GhostWhoVotes tweets that the latest Newspoll has the Coalition two-party lead at 54-46, down from an aberrant 57-43 a fortnight ago. The Coalition is down four points on the primary vote to 44 per cent, which in fact returns them to where they were in the poll before last. Labor is up a point to 31 per cent, which is still a point shy of the previous poll, and the Greens are on 13 per cent, which compares with 10 per cent last time and 12 per cent the time before. Julia Gillard has consolidated the lead she opened up as preferred prime minister a fortnight ago, which ended five months of ascendancy for Tony Abbott: she is now up three to 43 per cent, with Abbott up one to 36 per cent. Gillard also has a less bad net approval rating than Abbott for the first time in eight months, with her approval up two points to 36 per cent (its highest in eight months) and disapproval up one to 56 per cent. Abbott is down one on approval to 33 per cent and up two on disapproval to 57 per cent, in both cases equalling his previous worst results and collectively producing his lowest ever net rating of minus 24.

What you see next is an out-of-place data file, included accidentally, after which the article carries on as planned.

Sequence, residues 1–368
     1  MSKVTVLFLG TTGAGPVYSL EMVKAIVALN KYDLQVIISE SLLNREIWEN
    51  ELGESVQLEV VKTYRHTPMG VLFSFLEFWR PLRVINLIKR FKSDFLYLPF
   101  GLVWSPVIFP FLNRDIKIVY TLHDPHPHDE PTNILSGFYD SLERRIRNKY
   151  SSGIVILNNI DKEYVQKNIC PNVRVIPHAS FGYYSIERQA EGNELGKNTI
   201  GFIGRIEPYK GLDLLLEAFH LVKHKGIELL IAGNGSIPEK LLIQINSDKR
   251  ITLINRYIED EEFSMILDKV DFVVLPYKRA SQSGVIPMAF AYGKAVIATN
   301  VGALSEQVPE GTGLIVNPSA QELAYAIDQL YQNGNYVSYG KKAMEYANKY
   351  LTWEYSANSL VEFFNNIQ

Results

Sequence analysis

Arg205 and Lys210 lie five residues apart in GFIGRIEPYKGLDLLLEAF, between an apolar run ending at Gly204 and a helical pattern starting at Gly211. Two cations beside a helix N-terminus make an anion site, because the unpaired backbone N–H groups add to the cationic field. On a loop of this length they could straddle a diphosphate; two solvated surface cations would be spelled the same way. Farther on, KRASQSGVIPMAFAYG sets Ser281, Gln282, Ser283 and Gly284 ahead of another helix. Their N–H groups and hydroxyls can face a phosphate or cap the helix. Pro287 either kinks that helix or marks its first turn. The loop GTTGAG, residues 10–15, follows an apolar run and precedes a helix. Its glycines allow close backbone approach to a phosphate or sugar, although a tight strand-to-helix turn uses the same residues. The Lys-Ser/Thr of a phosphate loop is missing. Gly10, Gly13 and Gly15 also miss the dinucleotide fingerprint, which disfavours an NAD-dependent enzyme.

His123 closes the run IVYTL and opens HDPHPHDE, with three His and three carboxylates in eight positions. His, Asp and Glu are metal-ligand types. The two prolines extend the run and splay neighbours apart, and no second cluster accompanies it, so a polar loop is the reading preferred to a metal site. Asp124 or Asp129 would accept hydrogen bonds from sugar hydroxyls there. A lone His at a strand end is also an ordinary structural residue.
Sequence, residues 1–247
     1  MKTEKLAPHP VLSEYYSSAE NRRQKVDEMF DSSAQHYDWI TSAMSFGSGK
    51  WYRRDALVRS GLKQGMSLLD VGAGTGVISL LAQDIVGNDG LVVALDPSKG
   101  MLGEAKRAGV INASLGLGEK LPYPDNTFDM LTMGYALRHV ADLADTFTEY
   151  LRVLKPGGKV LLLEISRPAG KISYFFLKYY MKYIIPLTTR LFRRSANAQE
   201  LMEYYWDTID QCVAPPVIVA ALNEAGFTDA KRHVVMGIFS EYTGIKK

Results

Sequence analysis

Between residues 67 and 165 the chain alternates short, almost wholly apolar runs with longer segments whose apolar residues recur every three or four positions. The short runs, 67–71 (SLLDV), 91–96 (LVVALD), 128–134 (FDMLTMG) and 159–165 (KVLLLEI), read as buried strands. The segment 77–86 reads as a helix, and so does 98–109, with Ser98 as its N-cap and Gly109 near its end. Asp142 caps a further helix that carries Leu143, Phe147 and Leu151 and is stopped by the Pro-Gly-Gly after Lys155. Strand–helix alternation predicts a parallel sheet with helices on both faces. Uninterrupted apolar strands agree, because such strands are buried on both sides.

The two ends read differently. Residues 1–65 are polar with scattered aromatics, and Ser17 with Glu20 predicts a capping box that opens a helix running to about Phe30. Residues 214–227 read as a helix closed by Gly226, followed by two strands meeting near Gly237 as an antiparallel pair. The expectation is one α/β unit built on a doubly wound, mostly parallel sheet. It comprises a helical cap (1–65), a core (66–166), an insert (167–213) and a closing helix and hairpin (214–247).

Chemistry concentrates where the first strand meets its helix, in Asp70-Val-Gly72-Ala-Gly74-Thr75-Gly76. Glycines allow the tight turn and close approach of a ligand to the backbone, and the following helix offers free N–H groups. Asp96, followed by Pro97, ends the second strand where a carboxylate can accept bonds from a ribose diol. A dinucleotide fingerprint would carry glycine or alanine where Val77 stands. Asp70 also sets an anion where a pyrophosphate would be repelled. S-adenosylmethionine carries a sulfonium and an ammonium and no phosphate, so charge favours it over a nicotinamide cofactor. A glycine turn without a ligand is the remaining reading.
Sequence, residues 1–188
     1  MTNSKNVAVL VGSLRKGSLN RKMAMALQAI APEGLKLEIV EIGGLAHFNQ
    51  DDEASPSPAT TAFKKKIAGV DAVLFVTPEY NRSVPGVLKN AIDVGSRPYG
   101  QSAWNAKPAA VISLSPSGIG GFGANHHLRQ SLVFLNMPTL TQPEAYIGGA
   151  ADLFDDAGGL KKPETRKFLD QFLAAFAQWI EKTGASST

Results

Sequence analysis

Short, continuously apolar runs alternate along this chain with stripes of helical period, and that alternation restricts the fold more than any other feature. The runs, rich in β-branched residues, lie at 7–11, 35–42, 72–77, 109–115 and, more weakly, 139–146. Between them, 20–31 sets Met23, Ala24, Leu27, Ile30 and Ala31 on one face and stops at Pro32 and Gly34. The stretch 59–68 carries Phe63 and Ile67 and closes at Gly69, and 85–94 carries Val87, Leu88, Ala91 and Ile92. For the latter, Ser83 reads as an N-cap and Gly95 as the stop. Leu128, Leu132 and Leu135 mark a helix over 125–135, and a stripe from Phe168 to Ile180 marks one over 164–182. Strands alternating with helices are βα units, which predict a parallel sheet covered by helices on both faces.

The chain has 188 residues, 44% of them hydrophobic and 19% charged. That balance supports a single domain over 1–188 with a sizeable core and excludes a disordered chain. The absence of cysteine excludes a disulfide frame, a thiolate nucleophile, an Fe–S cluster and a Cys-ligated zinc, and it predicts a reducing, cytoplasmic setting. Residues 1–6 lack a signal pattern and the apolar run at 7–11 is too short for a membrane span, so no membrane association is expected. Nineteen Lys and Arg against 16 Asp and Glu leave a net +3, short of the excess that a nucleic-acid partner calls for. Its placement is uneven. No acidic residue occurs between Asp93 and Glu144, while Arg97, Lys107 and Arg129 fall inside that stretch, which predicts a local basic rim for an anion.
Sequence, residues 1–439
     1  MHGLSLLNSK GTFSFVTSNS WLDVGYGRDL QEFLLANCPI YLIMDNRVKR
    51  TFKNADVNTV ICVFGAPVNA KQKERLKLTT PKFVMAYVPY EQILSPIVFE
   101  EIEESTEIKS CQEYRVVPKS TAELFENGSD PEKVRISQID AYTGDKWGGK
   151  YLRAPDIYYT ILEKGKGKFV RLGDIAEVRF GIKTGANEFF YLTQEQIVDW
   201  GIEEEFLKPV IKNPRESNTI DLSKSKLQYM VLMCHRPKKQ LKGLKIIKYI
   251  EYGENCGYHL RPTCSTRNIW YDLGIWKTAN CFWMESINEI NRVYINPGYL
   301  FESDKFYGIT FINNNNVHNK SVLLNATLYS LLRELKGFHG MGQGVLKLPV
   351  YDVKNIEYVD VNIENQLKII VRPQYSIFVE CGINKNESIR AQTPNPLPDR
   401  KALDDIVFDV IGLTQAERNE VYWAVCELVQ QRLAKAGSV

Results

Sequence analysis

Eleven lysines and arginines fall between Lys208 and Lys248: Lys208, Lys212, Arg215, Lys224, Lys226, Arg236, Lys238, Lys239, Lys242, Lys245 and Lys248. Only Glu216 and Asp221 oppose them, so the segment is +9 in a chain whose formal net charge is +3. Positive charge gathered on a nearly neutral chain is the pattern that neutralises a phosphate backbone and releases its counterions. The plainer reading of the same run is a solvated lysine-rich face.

UPDATE: Essential Research likewise has it at 54-46, unchanged from last week, with primary votes of 47 per cent for the Coalition (down one), 34 per cent for Labor (steady) and 10 per cent for the Greens (down one). Encouragingly for Labor, there has been a shift in sentiment in favour of the government seeing out its full term: support is up seven points since early September to 47 per cent, with “hold election now” down seven to 41 per cent. Less happily for them, a question on best party to handle 15 issues has Labor leading only on industrial relations, and then only slightly – the Liberals hold leads approaching 20 per cent for all economic questions, as well as “political leadership”. On the question of which issues will most influence vote choice, there has been little change since June.

UPDATE 2: Possum charts polling showing a shift in sentiment away from an early election:

However, the apparently radical nature of the shift from the first two polls to the last three is largely a function of the poorly framed question posed by Galaxy in the earlier cases, when respondents were offered the false dichotomy of “Gillard has a mandate for the carbon tax” and “an early election should be called”. Australia’s worst and least trusted major newspaper, the Daily Telegraph, used these obviously flawed results to run a front page lead claiming Australians were “demanding Julia Gillard call a fresh election” and an editorial headlined “voters demand a carbon tax ballot”. It will be interesting to see how the paper reports today’s contrary finding from Essential Research.